Given that miRNAs negatively regulate the expression of their target mRNAs by target cleavage, the expression patterns of miRNAs generally show an inverse correlation with those of their target genes. By integrating transcriptome and miRNAome data, twelve DEGs under -Zn and/or Zn resupply were predicted to be targeted by 10 miRNAs (including four known and six novel miRNAs) that were responsive to -Zn and/or Zn resupply (Table 4). Half of the potential target DEGs showed a different response to Zn deficiency or Zn resupply as compared with the corresponding miRNAs, suggesting the negative regulation of these miRNAs on their potential target genes. For example, miR397b-5p was up-regulated by Zn resupply, while its potential target genes OsLAC11 (Os03g0273200) and OsLAC29 (Os12g0258700) were up-regulated by -Zn or down-regulated by Zn resupply; osa-miR398a-5p was up-regulated by Zn deficiency, while its potential target gene Os07g0213800 was down-regulated; nov-miR4 was down-regulated by Zn resupply, while its potential target gene Os01g0358700 was up-regulated; nov-miR6 was down-regulated by Zn deficiency, while it potential target gene Os04g0623901 was up-regulated; nov-miR23 was down-regulated by Zn deficiency, while its potential target gene Os01g0923900 was down-regulated by Zn-resupply. However, half of the potential target genes showed similar expression patterns with the miRNAs (Table 4). This may be caused by the following reasons: these genes are inauthentic targets of the miRNAs; there are complicated regulation of the potential target genes; the potential target genes are regulated by translational repression but not by transcript cleavage.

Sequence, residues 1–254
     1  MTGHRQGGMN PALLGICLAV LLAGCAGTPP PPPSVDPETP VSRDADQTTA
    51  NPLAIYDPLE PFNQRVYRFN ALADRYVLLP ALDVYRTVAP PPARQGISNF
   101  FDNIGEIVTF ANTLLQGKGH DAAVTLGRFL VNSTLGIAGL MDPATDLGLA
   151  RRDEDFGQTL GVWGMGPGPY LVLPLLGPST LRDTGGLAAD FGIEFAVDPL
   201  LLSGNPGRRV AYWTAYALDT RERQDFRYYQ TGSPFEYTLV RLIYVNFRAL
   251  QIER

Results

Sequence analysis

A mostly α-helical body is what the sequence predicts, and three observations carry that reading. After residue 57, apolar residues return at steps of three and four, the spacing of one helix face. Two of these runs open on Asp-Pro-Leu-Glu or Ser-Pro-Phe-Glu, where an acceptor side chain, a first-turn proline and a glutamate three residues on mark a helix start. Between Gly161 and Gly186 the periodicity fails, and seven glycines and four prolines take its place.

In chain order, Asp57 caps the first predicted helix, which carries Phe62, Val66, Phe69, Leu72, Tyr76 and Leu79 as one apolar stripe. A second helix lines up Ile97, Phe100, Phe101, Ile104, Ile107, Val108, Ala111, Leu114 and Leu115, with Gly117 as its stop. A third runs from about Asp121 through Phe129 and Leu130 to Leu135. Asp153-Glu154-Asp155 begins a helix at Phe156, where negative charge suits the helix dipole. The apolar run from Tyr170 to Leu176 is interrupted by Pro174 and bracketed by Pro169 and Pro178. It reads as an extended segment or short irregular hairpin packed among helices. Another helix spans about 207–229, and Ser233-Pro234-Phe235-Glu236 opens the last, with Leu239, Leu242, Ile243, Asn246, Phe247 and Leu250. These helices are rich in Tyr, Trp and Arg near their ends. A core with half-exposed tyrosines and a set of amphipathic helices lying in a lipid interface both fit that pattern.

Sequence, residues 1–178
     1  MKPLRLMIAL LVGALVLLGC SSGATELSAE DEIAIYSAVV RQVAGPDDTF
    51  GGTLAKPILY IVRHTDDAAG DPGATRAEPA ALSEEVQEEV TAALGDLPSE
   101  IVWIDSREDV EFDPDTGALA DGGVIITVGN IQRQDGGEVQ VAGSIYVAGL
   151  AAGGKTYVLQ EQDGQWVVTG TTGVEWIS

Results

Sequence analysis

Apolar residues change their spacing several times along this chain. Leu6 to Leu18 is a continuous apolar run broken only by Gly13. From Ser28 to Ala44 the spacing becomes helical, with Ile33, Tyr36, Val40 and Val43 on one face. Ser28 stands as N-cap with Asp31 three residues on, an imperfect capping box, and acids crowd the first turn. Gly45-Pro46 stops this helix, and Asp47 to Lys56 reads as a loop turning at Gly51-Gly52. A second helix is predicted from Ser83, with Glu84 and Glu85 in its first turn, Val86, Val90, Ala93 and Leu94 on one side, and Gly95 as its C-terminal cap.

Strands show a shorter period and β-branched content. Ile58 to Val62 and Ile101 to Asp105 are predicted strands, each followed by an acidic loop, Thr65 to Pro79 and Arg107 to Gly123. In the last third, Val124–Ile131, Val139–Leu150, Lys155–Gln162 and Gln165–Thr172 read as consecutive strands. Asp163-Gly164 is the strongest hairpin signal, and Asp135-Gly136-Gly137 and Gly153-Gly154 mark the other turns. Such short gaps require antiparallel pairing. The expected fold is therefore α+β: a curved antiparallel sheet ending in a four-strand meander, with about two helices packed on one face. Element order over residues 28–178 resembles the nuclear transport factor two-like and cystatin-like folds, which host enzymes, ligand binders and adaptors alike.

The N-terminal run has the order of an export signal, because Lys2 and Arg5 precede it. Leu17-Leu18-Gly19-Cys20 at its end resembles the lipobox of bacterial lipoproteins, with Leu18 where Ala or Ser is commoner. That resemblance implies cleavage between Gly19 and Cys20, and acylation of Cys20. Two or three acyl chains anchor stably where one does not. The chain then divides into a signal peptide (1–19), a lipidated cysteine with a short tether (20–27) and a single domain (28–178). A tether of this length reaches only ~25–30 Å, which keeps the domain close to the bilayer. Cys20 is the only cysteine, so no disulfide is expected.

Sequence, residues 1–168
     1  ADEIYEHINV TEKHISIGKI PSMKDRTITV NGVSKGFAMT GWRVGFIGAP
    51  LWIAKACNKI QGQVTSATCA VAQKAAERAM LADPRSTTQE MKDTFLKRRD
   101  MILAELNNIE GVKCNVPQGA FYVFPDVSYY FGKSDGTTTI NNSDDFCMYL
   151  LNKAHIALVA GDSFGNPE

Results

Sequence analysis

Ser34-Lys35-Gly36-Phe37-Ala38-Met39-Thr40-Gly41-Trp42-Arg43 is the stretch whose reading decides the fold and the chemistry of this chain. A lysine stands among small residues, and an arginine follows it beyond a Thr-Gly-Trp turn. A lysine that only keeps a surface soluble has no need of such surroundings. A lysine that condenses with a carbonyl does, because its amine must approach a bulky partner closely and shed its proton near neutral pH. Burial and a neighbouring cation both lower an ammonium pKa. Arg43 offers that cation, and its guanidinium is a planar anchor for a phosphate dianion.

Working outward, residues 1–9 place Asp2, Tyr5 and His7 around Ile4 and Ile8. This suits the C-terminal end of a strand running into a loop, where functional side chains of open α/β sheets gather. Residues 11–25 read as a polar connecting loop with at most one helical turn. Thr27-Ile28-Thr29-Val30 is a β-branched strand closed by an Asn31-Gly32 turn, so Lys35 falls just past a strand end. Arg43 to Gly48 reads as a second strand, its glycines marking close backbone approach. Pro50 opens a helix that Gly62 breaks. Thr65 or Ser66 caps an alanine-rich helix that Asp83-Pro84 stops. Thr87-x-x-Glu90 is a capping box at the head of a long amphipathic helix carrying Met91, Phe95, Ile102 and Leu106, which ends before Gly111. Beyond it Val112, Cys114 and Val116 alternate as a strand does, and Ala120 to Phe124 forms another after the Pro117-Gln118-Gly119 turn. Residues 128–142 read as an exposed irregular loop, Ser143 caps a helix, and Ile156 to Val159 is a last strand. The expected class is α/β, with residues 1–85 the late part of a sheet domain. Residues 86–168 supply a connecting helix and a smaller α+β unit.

Table 4 DEGs under Zn deficiency and/or Zn resupply that are potential targets of Zn-responsive miRNAs

Confirmation of miRNAome and transcriptome results by qRT-PCR